transitive verb (-pated; -pating) Etymology: Medieval Latin exculpatus, past participle of exculpare, from Latin ex- + culpa blame Date: circa 1681 to clear from alleged fault or guilt • exculpation noun Synonyms: exculpate, absolve, exonerate, acquit, vindicate mean to free from a charge. exculpate implies a clearing from blame or fault often in a matter of small importance <
exculpating himself from the charge of overenthusiasm
. absolve implies a release either from an obligation that binds the conscience or from the consequences of disobeying the law or committing a sin <
cannot be absolved of blame
. exonerate implies a complete clearance from an accusation or charge and from any attendant suspicion of blame or guilt <
exonerated by the investigation
. acquit implies a formal decision in one's favor with respect to a definite charge <
voted to acquit the defendant
. vindicate may refer to things as well as persons that have been subjected to critical attack or imputation of guilt, weakness, or folly, and implies a clearing effected by proving the unfairness of such criticism or blame <
her judgment was vindicated

New Collegiate Dictionary. 2001.

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  • exculpate — ex·cul·pate / ek skəl ˌpāt, ek skəl / vt pat·ed, pat·ing [Medieval Latin exculpare, from Latin ex out of + culpa blame]: to clear from alleged fault or guilt a statement...offered to exculpate the accused is not admissible unless corroborating… …   Law dictionary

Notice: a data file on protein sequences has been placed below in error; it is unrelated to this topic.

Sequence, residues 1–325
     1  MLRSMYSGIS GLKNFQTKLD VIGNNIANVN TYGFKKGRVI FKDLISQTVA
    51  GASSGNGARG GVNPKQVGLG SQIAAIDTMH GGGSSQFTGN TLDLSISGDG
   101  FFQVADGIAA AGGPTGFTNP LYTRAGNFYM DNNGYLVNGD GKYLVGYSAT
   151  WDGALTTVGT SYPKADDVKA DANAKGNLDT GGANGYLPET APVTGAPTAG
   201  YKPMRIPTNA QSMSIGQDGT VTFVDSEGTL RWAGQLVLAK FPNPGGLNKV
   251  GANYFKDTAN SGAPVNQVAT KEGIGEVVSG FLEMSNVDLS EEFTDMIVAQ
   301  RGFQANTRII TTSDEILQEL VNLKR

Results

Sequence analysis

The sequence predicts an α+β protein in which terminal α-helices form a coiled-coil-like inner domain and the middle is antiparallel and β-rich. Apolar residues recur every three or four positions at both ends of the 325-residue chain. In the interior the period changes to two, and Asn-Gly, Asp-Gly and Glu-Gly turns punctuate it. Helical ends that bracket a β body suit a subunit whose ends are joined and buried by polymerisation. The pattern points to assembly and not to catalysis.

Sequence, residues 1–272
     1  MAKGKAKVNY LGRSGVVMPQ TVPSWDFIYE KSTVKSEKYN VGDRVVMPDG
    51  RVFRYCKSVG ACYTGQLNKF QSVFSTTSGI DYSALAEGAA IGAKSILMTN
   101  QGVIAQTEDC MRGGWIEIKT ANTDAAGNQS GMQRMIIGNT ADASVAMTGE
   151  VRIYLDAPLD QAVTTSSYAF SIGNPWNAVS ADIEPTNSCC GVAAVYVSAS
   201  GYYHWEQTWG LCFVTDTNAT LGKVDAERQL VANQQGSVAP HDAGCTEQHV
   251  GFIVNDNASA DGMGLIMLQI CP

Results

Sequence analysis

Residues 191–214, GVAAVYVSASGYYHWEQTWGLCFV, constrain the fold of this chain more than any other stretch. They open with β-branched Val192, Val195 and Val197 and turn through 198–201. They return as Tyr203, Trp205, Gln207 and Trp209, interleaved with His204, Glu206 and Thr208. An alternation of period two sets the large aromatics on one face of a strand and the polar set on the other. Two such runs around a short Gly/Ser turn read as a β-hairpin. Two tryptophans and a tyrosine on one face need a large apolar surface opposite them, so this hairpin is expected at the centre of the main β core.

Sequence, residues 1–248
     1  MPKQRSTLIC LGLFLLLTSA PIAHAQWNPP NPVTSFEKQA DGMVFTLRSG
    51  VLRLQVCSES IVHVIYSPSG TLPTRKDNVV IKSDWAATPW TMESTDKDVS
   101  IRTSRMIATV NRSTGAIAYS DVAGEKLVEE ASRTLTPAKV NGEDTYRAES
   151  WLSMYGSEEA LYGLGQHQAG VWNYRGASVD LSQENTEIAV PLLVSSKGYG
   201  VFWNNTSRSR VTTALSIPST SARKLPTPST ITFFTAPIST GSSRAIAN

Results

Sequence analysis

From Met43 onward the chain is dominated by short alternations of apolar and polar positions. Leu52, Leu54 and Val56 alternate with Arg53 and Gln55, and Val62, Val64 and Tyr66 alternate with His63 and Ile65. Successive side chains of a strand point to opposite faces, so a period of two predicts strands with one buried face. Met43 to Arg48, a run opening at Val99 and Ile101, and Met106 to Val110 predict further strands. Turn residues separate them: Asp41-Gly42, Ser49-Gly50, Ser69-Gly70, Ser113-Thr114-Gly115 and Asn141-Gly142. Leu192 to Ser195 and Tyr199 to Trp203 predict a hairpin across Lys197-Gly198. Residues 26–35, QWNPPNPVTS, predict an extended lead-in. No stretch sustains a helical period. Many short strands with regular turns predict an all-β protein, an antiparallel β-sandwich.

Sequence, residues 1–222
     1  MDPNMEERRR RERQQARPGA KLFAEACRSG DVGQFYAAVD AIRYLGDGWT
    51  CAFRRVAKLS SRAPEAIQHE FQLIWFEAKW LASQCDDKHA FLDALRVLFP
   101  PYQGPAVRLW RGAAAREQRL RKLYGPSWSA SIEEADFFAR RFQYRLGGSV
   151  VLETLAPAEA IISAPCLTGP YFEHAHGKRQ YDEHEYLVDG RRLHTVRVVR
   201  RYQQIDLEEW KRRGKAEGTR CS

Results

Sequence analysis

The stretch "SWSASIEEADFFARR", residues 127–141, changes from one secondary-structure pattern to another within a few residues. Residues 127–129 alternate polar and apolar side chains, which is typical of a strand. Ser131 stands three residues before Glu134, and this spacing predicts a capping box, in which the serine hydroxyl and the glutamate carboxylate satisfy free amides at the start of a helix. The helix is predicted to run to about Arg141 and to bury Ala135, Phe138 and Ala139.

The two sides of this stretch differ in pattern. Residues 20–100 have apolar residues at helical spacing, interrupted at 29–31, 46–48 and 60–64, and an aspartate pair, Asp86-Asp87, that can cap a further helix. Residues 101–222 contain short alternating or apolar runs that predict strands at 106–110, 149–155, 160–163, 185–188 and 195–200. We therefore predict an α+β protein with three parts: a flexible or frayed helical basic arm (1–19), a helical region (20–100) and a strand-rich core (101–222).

• exculpate — exculpate, absolve, exonerate, acquit, vindicate mean to free from a charge or burden. Exculpate implies simply a clearing from blame, often in a matter of small importance {exculpate oneself from a charge of inconsistency} {directly Harding was… …   New Dictionary of Synonyms

  • Exculpate — Ex*cul pate, v. t. [imp. & p. p. {Exculpated}, p. pr. & vb. n.. {Exculpating} (?).] [L. ex out + culpatus, p. p. of culpare to find fault with, to blame, culpa fault. See {Culpable}.] To clear from alleged fault or guilt; to prove to be… …   The Collaborative International Dictionary of English

  • exculpate — 1650s, from M.L. exculpatus, pp. of exculpare, from L. ex culpa, from ex from + culpa abl. of culpa blame. Related: Exculpated; exculpating …   Etymology dictionary

  • exculpate — [v] forgive absolve, acquit, amnesty, clear, condone, discharge, disculpate, dismiss, excuse, exonerate, explain, free, justify, let off*, pardon, rationalize, release, remit, vindicate, wipe slate clean*; concepts 10,127,317 Ant. blame, condemn …   New thesaurus

  • exculpate — ► VERB formal ▪ show or declare to be not guilty of wrongdoing. DERIVATIVES exculpation noun exculpatory adjective. ORIGIN Latin exculpare free from blame …   English terms dictionary

  • exculpate — [eks′kəl pāt΄, iks′kul′pāt] vt. exculpated, exculpating [< L ex, out + culpatus, pp. of culpare, to blame < culpa, fault] to free from blame; declare or prove guiltless exculpable [ik skul′pə bəl] adj. exculpation n. exculpatory adj …   English World dictionary

  • exculpate — v. (formal) (D; tr.) to exculpate from * * * [ ekskʌlpeɪt] (formal) (D; tr.) to exculpate from …   Combinatory dictionary

  • exculpate — UK [ˈekskʌlpeɪt] / US [ˈekskʌlˌpeɪt] verb [transitive] Word forms exculpate : present tense I/you/we/they exculpate he/she/it exculpates present participle exculpating past tense exculpated past participle exculpated very formal to prove that… …   English dictionary

  • exculpate — exculpable /ik skul peuh beuhl/, adj. exculpation, n. /ek skul payt , ik skul payt/, v.t., exculpated, exculpating. to clear from a charge of guilt or fault; free from blame; vindicate. [1650 60; < L exculpatus freed from blame, equiv. to ex EX 1 …   Universalium

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